Wednesday, May 29, 2013

The Baked Beans Are Off - Ideas on What Scale Means (And reference to Simon & Schuster/Penguin Random House)

One of the themes at BookExpo 2013 is about scale in publishing and how this concept has and is changing within our industry.  I was reminded of this post from July 2010 on that topic:

When I joined Macmillan, Inc in 1989 the company was rounding out the decade nicely having gone from losing over $1mm per week and a share price less than $2 in 1980 to one sold to Robert Maxwell for 19x earnings and $92 per share. Application of economies of scale helped build Macmillan to a $2billion publishing conglomerate where each newly acquired publishing company was just ‘more beans for the baked bean company’ which was how senior executives referred to their “factory acquisition” process. In fact, some of the executives, notably CEO Bill Reilly, had come from industrial manufacturing and had a deep understanding of how to effectively apply scale economies to operations.

All the largest publishing companies were following a similar ‘baked bean’ approach as the industry consolidated: Publishing lists were separated from their original companies and progressively (sometimes immediately) overhead expenses were eliminated as the acquired company was absorbed. At one point, I was tasked with following up on the ROI for a slew of companies acquired over a two year period. This proved difficult because their operations had been so effectively integrated into the parent company that constructing a post-acquisition income statement proved virtually impossible.

Fast forward 20 years and the scale economic model is falling apart for trade publishing. So effective at applying scale to accounting, manufacturing, management, production and other overhead, it is ironic that in the internet world everyone now has access to similar scale benefits. Publishing companies now realize they have achieved scale advantages in the wrong functions. Scale advantage in editorial, marketing, promotion, and content management is almost non-existent to the degree that will ensure competitive advantage, yet these are the functions important to future success. (As an isolated example, I would argue that by Harpercollins represents an attempt to build scale into the editorial process).

We all know seismic change – prevalent everywhere - has to come to the cost structures of publishing companies. Squeezed by downward pricing and potential revenue share models that provide more to authors and contributors, publishers will wonder where the money is going to come from. The scale model that built companies like Macmillan, Inc. is irreparably dead to anyone thinking about the future of publishing. The only way out – and it’s not an easy suggestion – is to recognize that those functions that used to provide scale benefits are no longer doing so and need to be carved out. Some of this has happened in manufacturing where companies like Donnelly and Williams Lea have taken over the manufacturing and production function for companies: Those departments no longer exist at the publisher. Decisions to outsource non-value added functions such as accounting, distribution and fulfillment and information technology must be made as the publisher contemplates their future. Once unencumbered, the real test will be whether publishers can re-work their structures so that they build scale economies in those functions that do provide value: Content acquisition, editorial, marketing & promotion and content licensing and brand building.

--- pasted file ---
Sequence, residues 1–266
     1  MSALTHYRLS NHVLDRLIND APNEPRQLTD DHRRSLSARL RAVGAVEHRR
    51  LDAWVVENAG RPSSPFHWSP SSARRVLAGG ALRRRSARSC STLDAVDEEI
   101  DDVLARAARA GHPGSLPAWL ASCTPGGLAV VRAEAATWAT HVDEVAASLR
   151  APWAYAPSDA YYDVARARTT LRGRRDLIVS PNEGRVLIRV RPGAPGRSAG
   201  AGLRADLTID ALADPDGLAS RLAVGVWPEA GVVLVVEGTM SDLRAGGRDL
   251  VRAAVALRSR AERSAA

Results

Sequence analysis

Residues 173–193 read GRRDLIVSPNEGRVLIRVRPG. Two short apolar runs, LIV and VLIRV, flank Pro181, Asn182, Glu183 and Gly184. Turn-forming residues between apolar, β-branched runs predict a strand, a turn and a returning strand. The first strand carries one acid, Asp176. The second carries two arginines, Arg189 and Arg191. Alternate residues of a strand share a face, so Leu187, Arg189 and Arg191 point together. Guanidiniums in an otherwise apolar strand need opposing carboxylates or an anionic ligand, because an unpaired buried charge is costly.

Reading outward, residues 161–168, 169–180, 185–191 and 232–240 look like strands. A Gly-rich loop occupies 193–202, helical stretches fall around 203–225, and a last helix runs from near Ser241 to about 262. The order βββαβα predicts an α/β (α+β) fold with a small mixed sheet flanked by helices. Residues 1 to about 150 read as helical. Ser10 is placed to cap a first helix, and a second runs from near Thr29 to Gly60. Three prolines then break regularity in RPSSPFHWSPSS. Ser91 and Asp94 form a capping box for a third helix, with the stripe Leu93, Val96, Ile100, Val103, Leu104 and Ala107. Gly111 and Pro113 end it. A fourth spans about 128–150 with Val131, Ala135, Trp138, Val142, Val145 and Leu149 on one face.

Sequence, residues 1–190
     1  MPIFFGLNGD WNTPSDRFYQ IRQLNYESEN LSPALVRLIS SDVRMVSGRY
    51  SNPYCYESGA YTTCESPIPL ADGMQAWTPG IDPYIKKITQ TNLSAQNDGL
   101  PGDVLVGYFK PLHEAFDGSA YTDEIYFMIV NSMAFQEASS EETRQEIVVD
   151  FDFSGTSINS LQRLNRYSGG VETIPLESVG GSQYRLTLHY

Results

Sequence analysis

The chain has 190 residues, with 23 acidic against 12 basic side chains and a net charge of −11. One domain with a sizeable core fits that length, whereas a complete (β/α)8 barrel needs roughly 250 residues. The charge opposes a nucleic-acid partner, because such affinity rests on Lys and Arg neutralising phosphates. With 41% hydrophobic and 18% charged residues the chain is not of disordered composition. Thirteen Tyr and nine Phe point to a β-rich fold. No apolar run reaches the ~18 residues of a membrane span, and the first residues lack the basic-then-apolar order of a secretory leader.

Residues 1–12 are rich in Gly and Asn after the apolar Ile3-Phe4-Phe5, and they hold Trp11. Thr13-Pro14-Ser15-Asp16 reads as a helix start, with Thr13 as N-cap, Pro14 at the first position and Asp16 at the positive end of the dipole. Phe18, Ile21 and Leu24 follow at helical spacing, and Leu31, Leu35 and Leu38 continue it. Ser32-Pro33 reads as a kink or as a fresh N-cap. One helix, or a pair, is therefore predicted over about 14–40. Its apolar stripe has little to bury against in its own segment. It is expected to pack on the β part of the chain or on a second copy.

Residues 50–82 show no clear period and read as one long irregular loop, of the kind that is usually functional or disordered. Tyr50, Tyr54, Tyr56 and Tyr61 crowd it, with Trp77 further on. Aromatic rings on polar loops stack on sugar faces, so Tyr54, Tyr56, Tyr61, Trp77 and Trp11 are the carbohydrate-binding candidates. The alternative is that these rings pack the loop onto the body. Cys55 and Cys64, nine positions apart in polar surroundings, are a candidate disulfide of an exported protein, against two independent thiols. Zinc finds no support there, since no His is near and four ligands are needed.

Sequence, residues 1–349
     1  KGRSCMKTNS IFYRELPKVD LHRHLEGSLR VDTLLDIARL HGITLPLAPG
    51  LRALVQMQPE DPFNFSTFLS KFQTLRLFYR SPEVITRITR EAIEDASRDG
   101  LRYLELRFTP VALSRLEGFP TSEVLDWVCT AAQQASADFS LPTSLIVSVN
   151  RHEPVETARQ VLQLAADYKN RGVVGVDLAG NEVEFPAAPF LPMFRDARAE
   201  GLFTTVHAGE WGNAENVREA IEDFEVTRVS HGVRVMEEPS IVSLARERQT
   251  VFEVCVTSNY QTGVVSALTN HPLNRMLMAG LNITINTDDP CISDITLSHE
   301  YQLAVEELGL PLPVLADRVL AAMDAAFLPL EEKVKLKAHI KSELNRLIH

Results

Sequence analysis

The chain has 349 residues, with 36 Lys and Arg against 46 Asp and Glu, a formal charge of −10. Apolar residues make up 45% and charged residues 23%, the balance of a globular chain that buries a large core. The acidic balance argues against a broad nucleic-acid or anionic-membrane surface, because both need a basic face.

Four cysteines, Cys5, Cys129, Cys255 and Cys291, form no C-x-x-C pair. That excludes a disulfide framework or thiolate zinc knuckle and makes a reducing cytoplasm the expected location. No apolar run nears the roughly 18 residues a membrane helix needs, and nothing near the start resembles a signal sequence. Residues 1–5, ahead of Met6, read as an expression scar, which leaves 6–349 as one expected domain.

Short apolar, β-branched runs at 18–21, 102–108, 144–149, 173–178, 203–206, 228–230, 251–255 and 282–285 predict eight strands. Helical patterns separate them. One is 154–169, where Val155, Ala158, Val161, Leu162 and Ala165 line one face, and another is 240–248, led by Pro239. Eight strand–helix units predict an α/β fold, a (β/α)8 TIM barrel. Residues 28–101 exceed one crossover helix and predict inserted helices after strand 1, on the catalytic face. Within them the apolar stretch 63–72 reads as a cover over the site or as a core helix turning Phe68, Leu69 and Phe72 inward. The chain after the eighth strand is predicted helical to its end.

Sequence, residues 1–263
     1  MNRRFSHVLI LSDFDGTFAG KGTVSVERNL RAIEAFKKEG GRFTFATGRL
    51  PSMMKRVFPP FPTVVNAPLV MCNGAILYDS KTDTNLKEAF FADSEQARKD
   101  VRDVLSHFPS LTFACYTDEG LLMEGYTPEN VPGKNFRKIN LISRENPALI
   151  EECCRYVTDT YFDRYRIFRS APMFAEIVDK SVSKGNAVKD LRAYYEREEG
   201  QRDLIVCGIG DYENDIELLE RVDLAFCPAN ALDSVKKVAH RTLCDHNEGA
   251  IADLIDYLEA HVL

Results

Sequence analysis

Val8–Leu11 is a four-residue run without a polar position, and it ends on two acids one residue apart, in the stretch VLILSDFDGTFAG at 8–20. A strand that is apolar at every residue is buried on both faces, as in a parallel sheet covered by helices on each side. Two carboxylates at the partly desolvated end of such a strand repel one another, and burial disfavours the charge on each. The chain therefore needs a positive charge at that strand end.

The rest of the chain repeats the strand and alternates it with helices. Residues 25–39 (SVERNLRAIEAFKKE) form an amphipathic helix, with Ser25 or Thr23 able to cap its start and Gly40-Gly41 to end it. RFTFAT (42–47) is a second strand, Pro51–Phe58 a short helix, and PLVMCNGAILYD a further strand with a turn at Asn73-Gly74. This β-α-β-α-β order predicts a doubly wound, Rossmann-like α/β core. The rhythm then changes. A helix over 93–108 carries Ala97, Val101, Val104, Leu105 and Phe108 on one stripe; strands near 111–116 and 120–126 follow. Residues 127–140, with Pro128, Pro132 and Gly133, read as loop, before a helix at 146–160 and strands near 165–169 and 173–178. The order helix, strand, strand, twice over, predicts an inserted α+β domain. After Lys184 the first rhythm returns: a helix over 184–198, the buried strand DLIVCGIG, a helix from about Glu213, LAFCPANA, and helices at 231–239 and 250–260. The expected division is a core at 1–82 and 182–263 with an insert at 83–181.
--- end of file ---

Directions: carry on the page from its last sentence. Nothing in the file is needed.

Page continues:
There is little evidence that this is happening or that the realization has set in. Instead of seeing a publishing company improve their performance over ten years as Macmillan did in the 1980s, we are likely to see many examples of the exact opposite over the next ten. Will companies rise to the challenge or are they so wedded to the old ‘baked bean’ model that they expect it to go on forever? Clearly, it won’t.

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